Insist on saying grace before anyone can start eating. Launch into a rambling, incoherent list of wonders that inspire you with a sense of gratitude, including, but not limited to, salt & pepper shakers, lamps, lint removers, self-winding watches and anchovy paste. Do not stop until you can see the vein in your dad’s forehead protruding.

Instead of asking your mom, dad, or sibling to pass the potatoes, say, “Please pass the resentments.”

As your sibling drones on about a recent social triumph, raise your wine glass in their direction and say, “You know, the more I drink the more interesting you become.”

Just when things are settling down, deliver a long, impassioned toast dedicated to, and describing in detail, the imaginary family you wish you’d had. Do not refer to your actual family at all.

Share odd details about turkeys. Say things like, “The fleshy growth from the base of the beak, which is very long on male turkeys and hangs down over it, is called the snood. Sometimes I wish I had a snood.”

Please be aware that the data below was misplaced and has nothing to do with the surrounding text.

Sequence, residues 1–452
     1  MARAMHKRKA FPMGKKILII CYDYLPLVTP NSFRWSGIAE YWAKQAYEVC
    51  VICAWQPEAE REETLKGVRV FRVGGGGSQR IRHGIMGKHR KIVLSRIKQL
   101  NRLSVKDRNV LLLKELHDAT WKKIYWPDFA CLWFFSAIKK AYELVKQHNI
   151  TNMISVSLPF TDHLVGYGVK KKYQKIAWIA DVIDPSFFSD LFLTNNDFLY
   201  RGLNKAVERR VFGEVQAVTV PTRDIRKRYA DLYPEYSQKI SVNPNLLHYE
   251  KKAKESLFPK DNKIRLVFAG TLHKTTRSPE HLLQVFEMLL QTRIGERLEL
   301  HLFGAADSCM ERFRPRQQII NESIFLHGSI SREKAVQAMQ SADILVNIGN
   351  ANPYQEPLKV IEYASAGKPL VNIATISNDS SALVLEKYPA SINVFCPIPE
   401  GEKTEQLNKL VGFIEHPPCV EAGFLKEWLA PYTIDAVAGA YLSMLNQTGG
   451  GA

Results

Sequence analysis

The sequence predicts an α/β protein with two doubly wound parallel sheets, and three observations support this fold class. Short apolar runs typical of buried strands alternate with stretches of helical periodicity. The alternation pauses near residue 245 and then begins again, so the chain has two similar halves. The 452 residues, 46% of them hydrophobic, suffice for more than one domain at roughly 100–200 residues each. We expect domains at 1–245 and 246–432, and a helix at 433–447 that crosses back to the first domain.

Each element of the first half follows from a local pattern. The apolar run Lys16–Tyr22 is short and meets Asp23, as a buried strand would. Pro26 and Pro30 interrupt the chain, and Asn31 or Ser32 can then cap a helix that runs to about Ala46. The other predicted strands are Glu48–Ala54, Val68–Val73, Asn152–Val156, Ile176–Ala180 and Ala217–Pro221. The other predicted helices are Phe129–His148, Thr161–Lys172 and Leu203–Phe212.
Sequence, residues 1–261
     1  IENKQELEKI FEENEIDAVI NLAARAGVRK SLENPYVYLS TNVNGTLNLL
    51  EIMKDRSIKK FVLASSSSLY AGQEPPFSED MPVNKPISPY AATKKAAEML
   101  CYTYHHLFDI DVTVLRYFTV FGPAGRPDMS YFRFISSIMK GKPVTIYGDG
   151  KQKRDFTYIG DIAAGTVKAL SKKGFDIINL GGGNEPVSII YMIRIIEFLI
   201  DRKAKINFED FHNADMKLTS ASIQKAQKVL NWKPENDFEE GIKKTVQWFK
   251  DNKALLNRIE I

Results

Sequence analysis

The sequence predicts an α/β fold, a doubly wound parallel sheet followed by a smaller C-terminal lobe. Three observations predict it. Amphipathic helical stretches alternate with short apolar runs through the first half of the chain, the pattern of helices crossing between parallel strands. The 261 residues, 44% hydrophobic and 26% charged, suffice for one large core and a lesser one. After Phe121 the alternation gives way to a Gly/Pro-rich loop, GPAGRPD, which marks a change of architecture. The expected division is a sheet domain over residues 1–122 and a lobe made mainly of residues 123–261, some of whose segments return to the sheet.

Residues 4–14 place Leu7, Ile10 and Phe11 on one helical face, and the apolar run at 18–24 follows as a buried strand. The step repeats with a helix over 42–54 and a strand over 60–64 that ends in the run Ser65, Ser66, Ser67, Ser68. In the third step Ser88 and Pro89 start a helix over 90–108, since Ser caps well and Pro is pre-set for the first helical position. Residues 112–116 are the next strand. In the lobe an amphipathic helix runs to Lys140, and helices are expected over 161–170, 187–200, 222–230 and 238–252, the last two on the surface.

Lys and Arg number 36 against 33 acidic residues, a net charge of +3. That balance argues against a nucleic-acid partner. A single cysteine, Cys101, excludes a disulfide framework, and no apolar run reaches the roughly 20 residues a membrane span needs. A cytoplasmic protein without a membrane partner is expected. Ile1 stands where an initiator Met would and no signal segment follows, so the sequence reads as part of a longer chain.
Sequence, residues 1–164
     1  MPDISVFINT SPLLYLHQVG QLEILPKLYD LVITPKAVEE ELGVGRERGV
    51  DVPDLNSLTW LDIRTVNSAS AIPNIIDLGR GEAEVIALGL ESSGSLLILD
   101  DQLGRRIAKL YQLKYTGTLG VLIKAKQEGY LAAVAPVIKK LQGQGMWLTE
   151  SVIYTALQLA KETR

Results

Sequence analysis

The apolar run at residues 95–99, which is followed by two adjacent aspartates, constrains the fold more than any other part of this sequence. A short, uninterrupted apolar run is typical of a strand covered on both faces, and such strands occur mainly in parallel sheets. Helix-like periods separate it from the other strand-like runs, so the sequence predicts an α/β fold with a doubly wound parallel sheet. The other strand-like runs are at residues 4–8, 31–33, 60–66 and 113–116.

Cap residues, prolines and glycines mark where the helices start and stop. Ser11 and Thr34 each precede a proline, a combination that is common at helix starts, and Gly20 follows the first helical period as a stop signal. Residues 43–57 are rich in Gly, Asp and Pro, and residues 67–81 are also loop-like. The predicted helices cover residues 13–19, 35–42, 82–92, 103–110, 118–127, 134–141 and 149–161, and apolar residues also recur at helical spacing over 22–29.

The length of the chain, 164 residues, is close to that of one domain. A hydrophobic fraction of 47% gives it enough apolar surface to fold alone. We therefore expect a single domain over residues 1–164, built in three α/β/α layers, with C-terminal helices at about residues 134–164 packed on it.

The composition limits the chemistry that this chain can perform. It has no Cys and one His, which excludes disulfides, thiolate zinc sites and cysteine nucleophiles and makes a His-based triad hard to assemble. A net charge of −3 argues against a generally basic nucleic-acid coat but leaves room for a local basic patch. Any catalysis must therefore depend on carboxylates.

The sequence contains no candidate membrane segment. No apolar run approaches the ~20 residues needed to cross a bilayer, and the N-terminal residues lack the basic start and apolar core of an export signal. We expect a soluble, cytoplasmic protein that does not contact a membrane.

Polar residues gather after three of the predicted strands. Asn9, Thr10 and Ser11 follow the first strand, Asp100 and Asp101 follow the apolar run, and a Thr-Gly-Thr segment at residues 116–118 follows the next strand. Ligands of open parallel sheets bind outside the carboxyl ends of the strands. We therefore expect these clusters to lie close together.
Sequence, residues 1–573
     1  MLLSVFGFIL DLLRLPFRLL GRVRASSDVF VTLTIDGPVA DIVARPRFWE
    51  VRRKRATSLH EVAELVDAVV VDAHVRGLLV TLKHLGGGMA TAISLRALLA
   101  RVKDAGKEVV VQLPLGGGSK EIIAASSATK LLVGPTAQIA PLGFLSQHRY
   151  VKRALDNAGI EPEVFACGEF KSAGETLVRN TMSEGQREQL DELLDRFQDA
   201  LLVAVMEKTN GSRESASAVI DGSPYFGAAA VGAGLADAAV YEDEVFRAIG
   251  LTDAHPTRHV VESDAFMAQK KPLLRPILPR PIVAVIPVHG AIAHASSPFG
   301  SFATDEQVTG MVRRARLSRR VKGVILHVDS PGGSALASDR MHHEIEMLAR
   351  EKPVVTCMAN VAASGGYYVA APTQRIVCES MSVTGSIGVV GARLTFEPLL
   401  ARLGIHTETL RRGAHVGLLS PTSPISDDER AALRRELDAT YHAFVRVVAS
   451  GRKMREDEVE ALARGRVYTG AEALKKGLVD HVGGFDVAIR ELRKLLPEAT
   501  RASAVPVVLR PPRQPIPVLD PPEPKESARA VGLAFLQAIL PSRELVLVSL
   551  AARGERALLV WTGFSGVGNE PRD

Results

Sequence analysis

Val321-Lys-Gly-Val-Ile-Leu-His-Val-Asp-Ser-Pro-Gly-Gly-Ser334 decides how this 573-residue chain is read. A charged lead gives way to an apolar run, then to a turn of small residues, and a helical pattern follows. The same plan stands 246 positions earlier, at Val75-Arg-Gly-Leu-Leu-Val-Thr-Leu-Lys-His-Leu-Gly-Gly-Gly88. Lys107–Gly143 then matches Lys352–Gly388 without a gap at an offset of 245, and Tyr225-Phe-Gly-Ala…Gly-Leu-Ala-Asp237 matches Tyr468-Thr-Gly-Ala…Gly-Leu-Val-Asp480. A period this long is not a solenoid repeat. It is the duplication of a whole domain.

As you listen to family members converse, randomly say “Hmmm” and scribble feverishly in a tiny notepad. When one of them asks what you’re doing, patiently explain that you’re observing them and will be reporting back to the authorities soon. If pressed simply say “Hmmmm” a lot.

Bear in mind that these techniques will not heal psychic traumas of youth, nor will they help you outgrow any damage done to you by your family. However, they will provide you with a lot of laughs at your family’s expense, and that’s got to count for something.

Self-Diagnosis With SynAPPS

crazy drawing icon

Sooner or later we are all tormented by that nagging, unnerving question. You know the one. Am I wearing my underwear over my clothes? Is my cheese slipping off the cracker? Am I marching to the beat of a different dumber? Is the diploma in my den from Whassamatta U?

Like a pebble wedged firmly in your shoe the uncertainty refuses to leave, taunting and mocking until thinking of anything else is impossible.

I’ve been troubled by these moments of existential meltdown for decades, which is why I was so excited when my friends at Kronko told me about self-diagnosis with SynAPPS® – the latest in “smart” applications for iPhones, iPads, and ay caramba. Here’s how it works.